HUDSON — Hudson resident Mary Walling has participated in the Annual Walk for Hunger for the majority of the 55 years it has taken place.
And, after three years of a virtual walk, the Walk for Hunger will be live again in Boston.
On May 7, she will be among the over 3,000 live and virtual participants to walk the new three-mile loop around the Boston Common in the effort to try to raise over $1 million to end hunger in Massachusetts, according to Sarah Zhitnik of Teak Media and Communication.
First Walk for Hunger
Walling helped to start the first Walk for Hunger in 1969 as a parishioner with Father Patrick Hughes and Father Floyd McManus at the Paulist Center in Boston.
The first Walk for Hunger began as an idea by the young priests at the Paulist Center, who were very active in the community, and an “eager group of parishioners.” Walling said they were proactive and “way ahead of the times” in helping people in the community who needed it.
“We taught English to Spanish-speaking people, a supper club was set up, and we decided we could raise money for two local soup kitchens by getting people to sponsor us in a Walk For Hunger,” Walling said. “You pledge dollars per mile walked, and we’ll walk.”
She added, “It was the first pledge walk in the USA and is now the oldest continuous one.”
They knew there were people in need, and they thought of using the soup kitchens to get sponsors for the walk.
Following 1970, she often hit the pavement for the former 20-mile route. She has a fundraising goal of $11,674 this year and an accumulated amount of over $100,000 after 2019.
She raised $10,984 as of April 27.
In 2020, the decision was made to cancel the walk, but virtual ones were encouraged.
To go from the usual route where “her feet know the route” to finding a place to walk in town was a little strange for her, she said. Glad they were still raising money for the walk, she used the Hudson-Marlborough part of the rail trail for her route.
Project Bread Events Manager Noa Rosen said, “Our walk community always inspires us. The people of Massachusetts showed up in a big way even during a pandemic, walking in their own neighborhoods.”
It’s something that Walling is passionate about because even though the United States is considered a rich country, there are many people who are food insecure. She works at the Hudson Food Pantry and has seen people who are embarrassed because they need help getting food.
“It is just a basic need that needs to be taken care of,” said Walling.
Her mother once received a call because Walling wasn’t eating her lunch because she was sharing it with her friend, who had no lunch.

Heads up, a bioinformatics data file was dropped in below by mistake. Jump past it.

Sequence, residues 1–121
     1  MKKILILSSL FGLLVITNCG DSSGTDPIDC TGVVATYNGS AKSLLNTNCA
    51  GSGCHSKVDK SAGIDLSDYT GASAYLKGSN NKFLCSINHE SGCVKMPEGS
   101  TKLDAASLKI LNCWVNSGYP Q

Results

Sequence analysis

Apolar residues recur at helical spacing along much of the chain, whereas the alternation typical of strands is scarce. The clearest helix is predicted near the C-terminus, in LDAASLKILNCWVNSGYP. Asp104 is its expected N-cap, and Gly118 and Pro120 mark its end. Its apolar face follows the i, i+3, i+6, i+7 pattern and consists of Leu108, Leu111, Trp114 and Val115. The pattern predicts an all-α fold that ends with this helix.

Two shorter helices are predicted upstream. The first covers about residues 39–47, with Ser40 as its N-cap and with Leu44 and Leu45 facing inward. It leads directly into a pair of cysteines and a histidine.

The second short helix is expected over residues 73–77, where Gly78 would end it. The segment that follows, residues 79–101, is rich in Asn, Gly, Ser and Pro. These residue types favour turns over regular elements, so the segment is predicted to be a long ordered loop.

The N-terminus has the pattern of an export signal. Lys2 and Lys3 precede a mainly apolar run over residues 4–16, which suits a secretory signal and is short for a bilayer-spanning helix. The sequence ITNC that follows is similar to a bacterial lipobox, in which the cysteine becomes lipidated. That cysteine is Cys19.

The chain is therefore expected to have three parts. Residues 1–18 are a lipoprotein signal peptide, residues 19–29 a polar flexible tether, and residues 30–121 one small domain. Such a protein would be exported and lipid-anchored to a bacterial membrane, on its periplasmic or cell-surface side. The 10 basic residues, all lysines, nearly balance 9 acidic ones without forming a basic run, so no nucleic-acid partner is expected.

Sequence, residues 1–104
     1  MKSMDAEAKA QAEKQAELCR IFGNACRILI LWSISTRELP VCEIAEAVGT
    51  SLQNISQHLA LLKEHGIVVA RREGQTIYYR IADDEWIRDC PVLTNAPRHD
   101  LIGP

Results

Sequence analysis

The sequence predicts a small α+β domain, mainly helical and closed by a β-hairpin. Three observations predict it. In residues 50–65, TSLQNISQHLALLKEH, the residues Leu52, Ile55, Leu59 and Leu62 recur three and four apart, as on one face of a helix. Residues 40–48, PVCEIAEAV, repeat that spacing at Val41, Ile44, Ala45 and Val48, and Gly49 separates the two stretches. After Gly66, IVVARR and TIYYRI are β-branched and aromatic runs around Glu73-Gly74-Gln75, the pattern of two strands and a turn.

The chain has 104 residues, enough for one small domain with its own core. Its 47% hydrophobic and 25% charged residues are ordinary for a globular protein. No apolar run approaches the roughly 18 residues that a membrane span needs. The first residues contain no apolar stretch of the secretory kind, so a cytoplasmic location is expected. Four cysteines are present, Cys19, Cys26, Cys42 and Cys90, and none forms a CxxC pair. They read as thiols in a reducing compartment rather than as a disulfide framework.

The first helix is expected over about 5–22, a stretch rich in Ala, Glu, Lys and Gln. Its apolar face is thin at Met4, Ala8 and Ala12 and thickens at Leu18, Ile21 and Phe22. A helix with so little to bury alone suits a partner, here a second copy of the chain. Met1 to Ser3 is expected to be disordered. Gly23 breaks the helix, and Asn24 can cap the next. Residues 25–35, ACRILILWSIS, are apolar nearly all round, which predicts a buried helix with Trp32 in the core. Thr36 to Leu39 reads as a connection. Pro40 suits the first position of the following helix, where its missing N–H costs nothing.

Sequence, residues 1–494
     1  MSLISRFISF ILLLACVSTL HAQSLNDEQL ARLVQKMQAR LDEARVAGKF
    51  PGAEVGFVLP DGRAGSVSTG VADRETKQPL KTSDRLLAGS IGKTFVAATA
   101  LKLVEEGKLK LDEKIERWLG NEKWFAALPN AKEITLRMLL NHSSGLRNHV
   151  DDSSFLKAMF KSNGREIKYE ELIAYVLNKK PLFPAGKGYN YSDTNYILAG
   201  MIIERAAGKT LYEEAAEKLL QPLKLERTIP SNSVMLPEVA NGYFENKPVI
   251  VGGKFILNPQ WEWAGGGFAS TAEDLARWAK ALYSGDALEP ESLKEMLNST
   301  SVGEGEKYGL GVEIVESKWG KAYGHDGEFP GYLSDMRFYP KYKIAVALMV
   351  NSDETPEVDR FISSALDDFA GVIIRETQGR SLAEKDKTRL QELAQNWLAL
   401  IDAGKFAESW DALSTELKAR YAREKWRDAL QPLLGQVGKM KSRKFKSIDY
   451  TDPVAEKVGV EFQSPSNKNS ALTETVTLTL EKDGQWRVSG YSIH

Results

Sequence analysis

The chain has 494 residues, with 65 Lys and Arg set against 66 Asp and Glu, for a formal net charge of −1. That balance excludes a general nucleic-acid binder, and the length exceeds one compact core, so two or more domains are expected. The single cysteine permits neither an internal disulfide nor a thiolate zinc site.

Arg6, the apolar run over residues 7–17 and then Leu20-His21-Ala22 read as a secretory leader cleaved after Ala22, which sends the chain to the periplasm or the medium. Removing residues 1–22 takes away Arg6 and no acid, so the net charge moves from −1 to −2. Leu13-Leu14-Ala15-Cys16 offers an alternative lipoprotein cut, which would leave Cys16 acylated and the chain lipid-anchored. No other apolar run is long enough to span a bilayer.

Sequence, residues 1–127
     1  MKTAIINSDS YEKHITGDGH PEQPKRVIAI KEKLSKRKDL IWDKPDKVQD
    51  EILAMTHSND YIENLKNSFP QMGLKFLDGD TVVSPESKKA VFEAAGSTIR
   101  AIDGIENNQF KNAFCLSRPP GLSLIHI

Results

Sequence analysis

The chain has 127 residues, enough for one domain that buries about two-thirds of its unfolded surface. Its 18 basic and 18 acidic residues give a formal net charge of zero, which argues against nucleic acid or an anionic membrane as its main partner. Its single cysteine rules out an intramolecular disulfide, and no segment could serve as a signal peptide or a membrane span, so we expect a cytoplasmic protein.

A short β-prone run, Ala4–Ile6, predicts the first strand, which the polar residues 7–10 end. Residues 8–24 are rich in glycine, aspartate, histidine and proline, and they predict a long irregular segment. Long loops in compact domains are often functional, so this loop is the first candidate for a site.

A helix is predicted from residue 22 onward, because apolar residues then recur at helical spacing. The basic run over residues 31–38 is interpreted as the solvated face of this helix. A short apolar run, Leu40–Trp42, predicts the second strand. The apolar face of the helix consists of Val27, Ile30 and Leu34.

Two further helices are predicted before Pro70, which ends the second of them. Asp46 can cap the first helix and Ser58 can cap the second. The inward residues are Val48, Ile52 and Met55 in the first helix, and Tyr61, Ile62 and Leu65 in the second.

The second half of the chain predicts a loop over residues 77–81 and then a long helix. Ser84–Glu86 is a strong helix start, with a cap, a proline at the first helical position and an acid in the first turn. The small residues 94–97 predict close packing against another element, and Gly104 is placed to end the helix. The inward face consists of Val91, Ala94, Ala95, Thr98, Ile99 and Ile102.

“She was my friend, and she was hungry. She had no lunch,” Walling said. “So I gave her half of mine. So when my mother found out, … she made two lunches.”
And, while she said there are many things she cannot do, she can walk to make sure other people do not go hungry.
“It’s just something that has to be taken care of. And it’s something I can do,” Walling said.
Why the walk is important
The goal of the Walk for Hunger has “always been to end or alleviate hunger in Massachusetts,” Walling said.
She gets donors from across the country and in other countries, even though the money goes to organizations in Massachusetts.
The parent organization now is Project Bread, who handles the administrative part of the walk, such as distributing the funds raised and educating young people about nutrition.
“They do wonderful things,” Walling said. “They have teaching programs. They go into schools and get kids to eat broccoli.”
Hunger is about knowing the right foods to eat as well, she noted, but also being able to get foods families can afford.
The walk matters because it raises money to “provide hunger relief for people in Massachusetts: families with young children, college students, elderly people, veterans (and) disabled people,” she said.
“Food is a basic necessity,” Walling said. “It is inconceivable that in our state and in our country, we have people who are food insecure and have to make choices between food and medicine/rent/utilities.”
She added, “Participating in Project Bread’s Walk for Hunger is one way we can all do something real to make sure our neighbors in need can get the food to meet their most basic of needs. Our community has shown we have the power to create meaningful change.”
In addition to the walk, there will be entertainment, photo booths, face painting and other family-friendly activities, according to Rosen.
“It’s really just a commitment. I don’t know what else to do on the first Sunday of May every year. I wake up, and that’s what I do,” Walling said.
Overall, she called it a great experience.
She added, “I’ve never had a bad experience with it. The key is just raising the money.”
For information about the Walk for Hunger and Project Bread, visit www.projectbread.org/walk. People experiencing food insecurity can call Project Bread’s toll-free FoodSource Hotline (1-800-645-8333) or visit www.projectbread.org/get-help.